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1 Burnside Africa- Zimbabwe

Scribbling the Cat: Travels with an African Soldier

by

Scribbling the Cat: Travels with an African Soldier Cover

 

Synopses & Reviews

Publisher Comments:

Best-selling memoirist Alexandra Fuller travels with a strangely charismatic Rhodesian war veteran into a modern-day heart of darkness.

When Alexandra ("Bo") Fuller was home in Zambia a few years ago, visiting her parents for Christmas, she asked her father about a nearby banana farmer who was known for being a "tough bugger." Her father's response was a warning to steer clear of him; he told Bo: "Curiosity scribbled the cat." Nonetheless, Fuller began her strange friendship with the man she calls K, a white African and veteran of the Rhodesian war. With the same fiercely beautiful prose that won her acclaim for Don't Let's Go to the Dogs Tonight, Fuller here recounts her friendship with K.

K is, seemingly, a man of contradictions: tattooed, battle scarred, and weathered by farm work, he is a lion of a man, feral and bulletproof. Yet he is also a born-again Christian, given to weeping when he recollects his failed romantic life, and more than anything else welling up inside with memories of battle. For his war, like all wars, was a brutal one, marked by racial strife, jungle battles, unimaginable tortures, and the murdering of innocent civilians — and K, like all the veterans of the war, has blood on his hands.

Driven by K's memories, Fuller and K decide to enter the heart of darkness in the most literal way — by traveling from Zambia through Zimbabwe (formerly Rhodesia) and Mozambique to visit the scenes of the war and to meet other veterans. It is a strange journey into the past, one marked at once by somber reflections and odd humor and featuring characters such as Mapenga, a fellow veteran who lives with his pet lion on a little island in the middle of a lake and is known to cope with his personal demons by refusing to speak for days on end. What results from Fuller's journey is a remarkably unbiased and unsentimental glimpse of men who have killed, mutilated, tortured, and scrambled to survive during wartime and who now must attempt to live with their past and live past their sins. In these men, too, we get a glimpse of life in Africa, a land that besets its creatures with pests, plagues, and natural disasters, making the people there at once more hardened and more vulnerable than elsewhere.

Scribbling the Cat is an engrossing and haunting look at war, Africa, and the lines of sanity.

Review:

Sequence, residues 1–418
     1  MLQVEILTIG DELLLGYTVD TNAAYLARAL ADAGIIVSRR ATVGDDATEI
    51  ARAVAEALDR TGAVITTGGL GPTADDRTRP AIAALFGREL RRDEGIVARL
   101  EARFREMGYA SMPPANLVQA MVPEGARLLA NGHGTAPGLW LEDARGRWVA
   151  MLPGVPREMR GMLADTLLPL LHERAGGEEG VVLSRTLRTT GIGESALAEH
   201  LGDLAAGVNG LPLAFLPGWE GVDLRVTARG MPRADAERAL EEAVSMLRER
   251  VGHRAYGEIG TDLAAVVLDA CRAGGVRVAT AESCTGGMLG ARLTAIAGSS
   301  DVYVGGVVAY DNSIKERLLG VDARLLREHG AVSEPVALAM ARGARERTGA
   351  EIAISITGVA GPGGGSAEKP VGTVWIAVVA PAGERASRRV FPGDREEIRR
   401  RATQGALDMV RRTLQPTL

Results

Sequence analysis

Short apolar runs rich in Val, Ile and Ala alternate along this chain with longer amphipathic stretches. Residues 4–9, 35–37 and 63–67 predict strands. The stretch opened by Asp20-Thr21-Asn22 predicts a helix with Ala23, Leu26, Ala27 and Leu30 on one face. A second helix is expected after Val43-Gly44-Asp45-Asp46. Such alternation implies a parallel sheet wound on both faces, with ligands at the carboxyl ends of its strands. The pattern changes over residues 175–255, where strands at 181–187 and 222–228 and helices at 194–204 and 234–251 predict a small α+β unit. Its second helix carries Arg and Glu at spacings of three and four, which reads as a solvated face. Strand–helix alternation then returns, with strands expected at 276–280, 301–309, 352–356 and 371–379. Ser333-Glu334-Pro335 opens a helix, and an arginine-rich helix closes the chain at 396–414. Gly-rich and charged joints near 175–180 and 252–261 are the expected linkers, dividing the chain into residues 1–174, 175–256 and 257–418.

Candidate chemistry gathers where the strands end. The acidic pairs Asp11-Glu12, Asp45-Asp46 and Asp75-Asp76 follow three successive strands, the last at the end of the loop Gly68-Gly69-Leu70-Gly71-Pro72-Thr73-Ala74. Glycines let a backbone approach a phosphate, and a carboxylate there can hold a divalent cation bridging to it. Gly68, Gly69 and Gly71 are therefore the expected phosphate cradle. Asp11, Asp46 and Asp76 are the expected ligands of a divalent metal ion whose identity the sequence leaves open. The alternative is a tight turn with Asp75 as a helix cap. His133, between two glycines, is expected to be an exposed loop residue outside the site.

"Memoirist Fuller (Don't Let's Go to the Dogs Tonight) describes this book, about her friendship with a Rhodesian war veteran, as 'a slither of a slither of a much greater story.' This disclaimer doesn't excuse the book's thinness, as it traces Fuller's journey with the white ex-soldier, K, from his farm in Zambia through Zimbabwe and into Mozambique, to the battlefields of more than two decades ago. Fuller evokes place and character with the vivid prose that distinguished her unflinching memoir of growing up in Africa, but here she handles subject matter that warrants more than artful word painting and soul-searching. Writing about war — its scarred participants, victims and territory — Fuller skimps on the history and politics that have shaped her and her subjects. Her personal enmeshment with K is the story's core. She's enamored of his physical beauty and power, and transfixed by his contradictions: K's capacity for both violence and emotional vulnerability, his anger and generosity, the blood on his hands and the faith he relies on (he's a born-again Christian) to cope with his demons. Fuller becomes K's confessor, and the journey turns into a kind of penance for her complicity, as a white girl in the 1970s, in a war of white supremacy. When K recounts how he tortured an African girl, Fuller swallows nausea and thinks, 'I am every bit that woman's murderer.' Fuller and K embark on their road trip ostensibly for the shell-shocked man to get beyond his 'spooks' and for Fuller to write about it, but this motivation makes for a rather static journey. Photos. (On sale May 10) Forecast: Don't Let's Go received rave reviews, and readers of that book will probably want to read this new one. A 10-city author tour, national review coverage and national media attention will drive interest." Publishers Weekly (Copyright 2004 Reed Business Information, Inc.)

Review:

"A worried, restless, and haunted piece of work, tattooed and scarred from beginning to end." Kirkus Reviews (Starred Review)

Review:

"[U]nflinching...an extremely powerful book, one that takes readers into a complex, deep-seated, and ongoing conflict and sees through to its heart. Fuller is a truly gifted and insightful writer." Kristine Huntley, Booklist (Starred Review)

Review:

"[I]n the end, this is a beautiful and powerfully moving account that gives us some insight into the tragedy of Africa today. If curiosity scribbled (that is, killed) the cat, then let yourself be scribbled. Highly recommended." Library Journal

Review:

"One of the strangest, best books ever about the ravages of war." Malcolm Jones, Newsweek

Review: